• Educate yourself. Learn about the diagnosis, symptoms and available treatments. Mental health associations, public libraries and the internet are all good resources. (See list below)
  • Recognize and accept that symptoms may come and go, and may vary in severity. Everyone has a different rate of recovery. Varying levels of support will be required at different times throughout recovery.
  • Be compassionate. Recognize that your family member or friend may feel scared and confused after receiving a diagnosis. Although some people are relieved to get diagnosed and actively seek treatment, it may be devastating to others.
  • Motivate. Encourage your friend or family member to learn about what treatments and services will promote recovery. Help them follow through with medication and the instructions their therapist will give.
  • It takes time. Recognize that finding the right treatment or services can take time, and can involve a process of trial and error. It can be very frustrating. Be patient, and encourage your friend or family member to be patient, too. 
  • Talk about what they find helpful. Make conversations about their mental health difficulties easy and open. Try asking about what helps them when things are tough. By talking openly, you are letting the person know about your love and support for them. You may like to talk about what you have read and ask how they feel about it.
  • Practice “active listening.” Listen to your family member or friend and express your understanding back to them. Acknowledge the feelings they are experiencing and don’t discount them, even if you believe them to be symptoms of the illness.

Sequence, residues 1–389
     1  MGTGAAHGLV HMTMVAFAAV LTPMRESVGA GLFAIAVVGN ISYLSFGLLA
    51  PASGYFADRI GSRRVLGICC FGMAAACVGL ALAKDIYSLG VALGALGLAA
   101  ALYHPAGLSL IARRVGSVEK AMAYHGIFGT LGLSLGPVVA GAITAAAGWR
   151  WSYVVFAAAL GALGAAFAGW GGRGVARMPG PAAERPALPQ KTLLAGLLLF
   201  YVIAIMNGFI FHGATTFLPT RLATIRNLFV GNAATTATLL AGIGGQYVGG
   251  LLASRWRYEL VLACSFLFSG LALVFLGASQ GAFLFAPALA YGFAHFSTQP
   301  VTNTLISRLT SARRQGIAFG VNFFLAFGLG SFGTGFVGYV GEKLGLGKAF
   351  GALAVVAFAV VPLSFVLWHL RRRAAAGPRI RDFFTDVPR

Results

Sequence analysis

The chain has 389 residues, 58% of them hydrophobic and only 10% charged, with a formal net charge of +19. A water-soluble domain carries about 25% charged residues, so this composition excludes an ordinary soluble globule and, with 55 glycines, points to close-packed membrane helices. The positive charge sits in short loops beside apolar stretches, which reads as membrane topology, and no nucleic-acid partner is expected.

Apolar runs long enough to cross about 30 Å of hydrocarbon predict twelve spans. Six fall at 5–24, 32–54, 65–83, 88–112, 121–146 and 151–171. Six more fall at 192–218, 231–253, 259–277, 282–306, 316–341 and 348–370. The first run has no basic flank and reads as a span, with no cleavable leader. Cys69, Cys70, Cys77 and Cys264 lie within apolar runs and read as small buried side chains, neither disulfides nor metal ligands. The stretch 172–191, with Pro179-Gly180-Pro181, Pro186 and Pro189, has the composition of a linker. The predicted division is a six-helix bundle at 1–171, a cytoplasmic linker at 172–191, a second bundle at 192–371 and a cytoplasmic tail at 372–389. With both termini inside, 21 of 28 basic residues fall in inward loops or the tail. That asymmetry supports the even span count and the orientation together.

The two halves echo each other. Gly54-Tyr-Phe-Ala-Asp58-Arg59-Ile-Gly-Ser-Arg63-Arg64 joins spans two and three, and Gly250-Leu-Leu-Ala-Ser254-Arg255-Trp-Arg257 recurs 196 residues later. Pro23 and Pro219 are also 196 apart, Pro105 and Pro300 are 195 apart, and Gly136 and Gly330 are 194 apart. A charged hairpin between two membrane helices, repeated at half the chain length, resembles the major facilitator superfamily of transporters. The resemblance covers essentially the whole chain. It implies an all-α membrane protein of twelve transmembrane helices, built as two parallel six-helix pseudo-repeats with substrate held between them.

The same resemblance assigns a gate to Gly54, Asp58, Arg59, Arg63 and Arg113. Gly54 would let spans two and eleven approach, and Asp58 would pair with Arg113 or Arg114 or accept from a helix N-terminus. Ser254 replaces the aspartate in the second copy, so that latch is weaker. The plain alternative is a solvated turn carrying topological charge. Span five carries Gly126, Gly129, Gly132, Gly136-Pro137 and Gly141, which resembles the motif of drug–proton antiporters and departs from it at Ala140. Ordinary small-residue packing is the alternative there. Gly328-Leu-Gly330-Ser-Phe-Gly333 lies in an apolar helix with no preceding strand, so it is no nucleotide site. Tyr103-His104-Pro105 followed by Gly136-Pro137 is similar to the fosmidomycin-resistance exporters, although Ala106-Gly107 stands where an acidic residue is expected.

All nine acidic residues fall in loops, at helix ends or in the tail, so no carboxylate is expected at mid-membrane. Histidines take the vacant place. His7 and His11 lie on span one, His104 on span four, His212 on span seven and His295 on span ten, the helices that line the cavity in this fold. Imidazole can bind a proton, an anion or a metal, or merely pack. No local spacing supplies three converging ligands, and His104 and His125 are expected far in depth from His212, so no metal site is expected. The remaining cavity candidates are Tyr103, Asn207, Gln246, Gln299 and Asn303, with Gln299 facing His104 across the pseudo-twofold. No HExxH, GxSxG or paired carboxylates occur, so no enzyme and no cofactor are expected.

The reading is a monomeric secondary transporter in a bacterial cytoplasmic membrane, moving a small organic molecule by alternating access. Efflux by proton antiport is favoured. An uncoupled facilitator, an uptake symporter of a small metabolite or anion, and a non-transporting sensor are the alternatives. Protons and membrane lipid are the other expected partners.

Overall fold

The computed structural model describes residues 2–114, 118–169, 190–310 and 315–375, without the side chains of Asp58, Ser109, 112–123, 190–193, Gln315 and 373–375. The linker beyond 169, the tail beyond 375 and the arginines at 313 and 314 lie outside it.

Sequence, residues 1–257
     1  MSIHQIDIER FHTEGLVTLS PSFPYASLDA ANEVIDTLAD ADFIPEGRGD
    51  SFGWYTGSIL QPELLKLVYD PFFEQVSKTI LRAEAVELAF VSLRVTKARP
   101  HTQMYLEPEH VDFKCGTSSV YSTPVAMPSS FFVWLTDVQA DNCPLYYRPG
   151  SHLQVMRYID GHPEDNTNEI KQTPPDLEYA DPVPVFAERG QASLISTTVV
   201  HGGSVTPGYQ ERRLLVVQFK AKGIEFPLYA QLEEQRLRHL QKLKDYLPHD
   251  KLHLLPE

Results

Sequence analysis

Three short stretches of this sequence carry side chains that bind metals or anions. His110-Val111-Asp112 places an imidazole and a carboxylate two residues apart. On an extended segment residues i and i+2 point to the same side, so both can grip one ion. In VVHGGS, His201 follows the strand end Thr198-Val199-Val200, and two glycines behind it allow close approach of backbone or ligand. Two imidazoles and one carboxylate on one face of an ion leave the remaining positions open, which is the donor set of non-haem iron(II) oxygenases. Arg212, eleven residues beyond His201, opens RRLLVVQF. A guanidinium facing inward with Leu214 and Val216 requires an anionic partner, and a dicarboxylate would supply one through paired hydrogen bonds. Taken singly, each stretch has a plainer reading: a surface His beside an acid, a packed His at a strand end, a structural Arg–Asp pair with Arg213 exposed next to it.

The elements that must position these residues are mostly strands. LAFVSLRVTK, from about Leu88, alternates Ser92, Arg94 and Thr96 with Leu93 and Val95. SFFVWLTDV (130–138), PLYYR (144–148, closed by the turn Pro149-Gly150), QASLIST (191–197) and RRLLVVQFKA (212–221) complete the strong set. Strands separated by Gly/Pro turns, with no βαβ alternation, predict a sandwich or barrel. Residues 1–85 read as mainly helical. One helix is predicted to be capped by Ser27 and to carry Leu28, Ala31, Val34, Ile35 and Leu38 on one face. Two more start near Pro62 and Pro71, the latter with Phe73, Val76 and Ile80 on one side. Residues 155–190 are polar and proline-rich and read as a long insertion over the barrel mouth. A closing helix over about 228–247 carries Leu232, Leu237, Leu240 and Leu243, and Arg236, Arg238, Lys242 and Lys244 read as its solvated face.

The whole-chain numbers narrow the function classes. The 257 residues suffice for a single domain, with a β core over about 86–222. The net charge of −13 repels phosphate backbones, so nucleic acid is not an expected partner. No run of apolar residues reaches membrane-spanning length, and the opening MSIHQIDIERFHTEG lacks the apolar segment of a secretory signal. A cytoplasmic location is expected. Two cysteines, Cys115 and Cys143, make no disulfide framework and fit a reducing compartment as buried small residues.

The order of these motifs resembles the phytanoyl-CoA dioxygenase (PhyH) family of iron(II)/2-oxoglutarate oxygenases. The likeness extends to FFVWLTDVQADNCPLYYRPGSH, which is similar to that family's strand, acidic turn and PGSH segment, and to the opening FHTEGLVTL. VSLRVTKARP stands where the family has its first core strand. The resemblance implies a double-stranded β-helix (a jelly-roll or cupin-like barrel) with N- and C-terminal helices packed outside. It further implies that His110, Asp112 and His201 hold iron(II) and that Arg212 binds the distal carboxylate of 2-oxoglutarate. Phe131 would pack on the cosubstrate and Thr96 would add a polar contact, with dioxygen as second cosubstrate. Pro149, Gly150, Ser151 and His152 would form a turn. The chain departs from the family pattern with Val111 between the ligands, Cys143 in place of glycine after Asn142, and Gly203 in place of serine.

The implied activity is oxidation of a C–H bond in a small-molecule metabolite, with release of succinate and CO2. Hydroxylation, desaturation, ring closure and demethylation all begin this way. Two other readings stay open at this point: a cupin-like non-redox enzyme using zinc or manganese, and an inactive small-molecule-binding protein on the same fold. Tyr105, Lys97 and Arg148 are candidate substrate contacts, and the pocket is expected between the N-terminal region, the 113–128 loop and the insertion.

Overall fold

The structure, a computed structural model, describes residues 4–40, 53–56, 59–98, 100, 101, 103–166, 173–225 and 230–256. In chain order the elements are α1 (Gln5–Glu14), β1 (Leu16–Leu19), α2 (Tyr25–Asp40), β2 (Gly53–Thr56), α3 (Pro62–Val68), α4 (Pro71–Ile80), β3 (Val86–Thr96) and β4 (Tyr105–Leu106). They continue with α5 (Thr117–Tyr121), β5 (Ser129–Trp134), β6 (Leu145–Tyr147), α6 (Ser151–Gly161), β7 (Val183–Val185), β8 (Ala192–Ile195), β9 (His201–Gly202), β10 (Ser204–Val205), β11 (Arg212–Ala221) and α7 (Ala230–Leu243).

• Understand the challenges of medication. Although treatments have improved tremendously in the past decade, they can also lead to side effects that can make your family member or friend want to stop taking the medicine. There are many psychiatric medications, and sometimes it takes a while to find the right one with the least side effects. Encourage them to speak immediately to their health care provider about any problems related to medications. And urge them to keep taking their medication until a better one is prescribed.
  • Recognize that feeling better, getting better and staying better are distinct stages in recovery. Your friend or family member may feel better relatively quickly, but if they do not continue treatment until they get better and stay better, a relapse is almost certain. Urge them to keep taking their medication and seeing their therapist until they are released.
  • Recovery from mental illness isn’t only a matter of “just staying on your medications” or regularly visiting a therapist. Self-esteem, social support and a feeling of contributing to society are also essential elements of recovery and should be supported.
  • Offer practical help. Offer to drive or accompany your family member or friend to medical and other appointments. And, if they want you to, discuss the treatment, side effects or other issues with the doctor and treatment team. You may need to do other things they are unable to do, such as shop, run errands or clean the house.
  • Give respect. Always respect the individual’s need for and right to privacy. People with mental illnesses have the same right to be treated with dignity and respect as anyone else.